This week has been so very hard and my inner gremlin, my biggest critic, has been working over time. My arts officer gave me some homework to do before our next meeting. I’ve been instructed to play! Which sounds like the best homework ever! But my goodness it’s sent me into a spiral of self doubt and the realisation that I have no idea what I want to do in order to achieve stage 3 of the Underpants Gnomes’ master plan. But my arts officer can’t do anything for me if I have no clear path to follow and no solid consistent work to show anyone. Every decision I’ve made these last 5 years has been powered by the need to try and sell what I make. It’s become an all consuming driving force that has taken over every aspect of my creativity, and now I’ve been instructed to abandon that decision maker, leaving me empty and with questions I can’t yet answer. Do I want to make sculptures, do printmaking, drawing or a bit of everything? Do I want to go back to Fine Art? If I choose Fine Art, do I now have what it takes to succeed where I haven’t in the past? Do I want to follow an Applied Arts path, which I’ve often thought would have suited me better than Fine Art, if those courses had been available when I was studying? Do I have what it takes? Can I overcome my (recently identified) imposter syndrome?  Do I want to find one thing that works and stick to that without deviating…I’m starting to understand and appreciate why many artists, once they’ve found a ‘product’ that is successful, don’t deviate from it because starting again is exhausting and risky? How does one play with no clear structure or objective?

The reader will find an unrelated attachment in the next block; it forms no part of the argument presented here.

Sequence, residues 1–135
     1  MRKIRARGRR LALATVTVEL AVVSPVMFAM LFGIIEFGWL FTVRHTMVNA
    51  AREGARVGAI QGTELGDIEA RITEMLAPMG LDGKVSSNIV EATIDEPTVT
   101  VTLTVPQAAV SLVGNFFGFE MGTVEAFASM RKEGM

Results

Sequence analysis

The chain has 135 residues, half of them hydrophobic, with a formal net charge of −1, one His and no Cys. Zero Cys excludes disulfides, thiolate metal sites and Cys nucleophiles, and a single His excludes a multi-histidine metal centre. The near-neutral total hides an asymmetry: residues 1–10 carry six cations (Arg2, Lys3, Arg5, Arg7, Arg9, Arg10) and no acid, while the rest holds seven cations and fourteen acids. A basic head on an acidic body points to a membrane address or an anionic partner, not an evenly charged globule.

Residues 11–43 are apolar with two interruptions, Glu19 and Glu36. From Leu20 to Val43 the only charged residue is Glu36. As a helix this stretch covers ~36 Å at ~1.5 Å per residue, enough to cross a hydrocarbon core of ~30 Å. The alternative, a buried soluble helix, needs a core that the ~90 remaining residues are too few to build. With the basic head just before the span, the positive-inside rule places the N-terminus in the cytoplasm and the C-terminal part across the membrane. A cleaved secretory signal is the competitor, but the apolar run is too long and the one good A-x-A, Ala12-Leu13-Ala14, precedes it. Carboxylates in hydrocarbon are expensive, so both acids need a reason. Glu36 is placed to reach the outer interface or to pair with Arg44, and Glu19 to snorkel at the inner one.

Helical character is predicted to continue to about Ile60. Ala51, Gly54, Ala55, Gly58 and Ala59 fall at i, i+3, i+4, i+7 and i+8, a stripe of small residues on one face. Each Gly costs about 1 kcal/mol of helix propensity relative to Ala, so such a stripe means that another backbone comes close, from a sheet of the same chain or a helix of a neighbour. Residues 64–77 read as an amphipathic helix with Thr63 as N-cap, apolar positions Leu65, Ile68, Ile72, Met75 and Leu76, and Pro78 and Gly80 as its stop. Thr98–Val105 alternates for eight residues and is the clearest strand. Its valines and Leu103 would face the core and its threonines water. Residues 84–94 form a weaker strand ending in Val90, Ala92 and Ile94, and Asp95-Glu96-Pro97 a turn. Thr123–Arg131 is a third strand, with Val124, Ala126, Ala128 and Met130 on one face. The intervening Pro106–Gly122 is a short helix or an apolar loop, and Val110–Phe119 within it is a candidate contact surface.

I have managed to answer a few questions though. I have identified that I am not a landscape or cityscape artist, nor figurative…so that leaves me with the natural world of animals and other creatures, which I like doing. Tick. I’m not a painter. Tick. I’m not keen on doing or having to think about backgrounds. Tick. Question, does that dictate I should re~explore sculpture?  What else…? Another question, if I’m an ‘Animal Artist’, do I want to be making social/environmental statements, just celebrate animals and creatures for their beauty, form, colour etc, explore myths and folklore (all these things have been mentioned in previous blogs), or produce a range of ‘products’ along the lines of lampshades: I do like designing, printing and making up lampshades but can I sustain that indefinitely? Another thing I’ve identified that is important to me is I enjoy the physical process of making art far more than thinking of the initial ideas…though the lack of ideas of which I’ve always suffered, is due I now realise, because I’ve never answered any of the above questions, ever!

So how does one play, with all these things swirling about? I’m approaching 45…not a carefree 20 year old!

My attempts at playing this week:

 

If anyone has been in this situation and cares of offer any advice or insight, I’d be enormously grateful!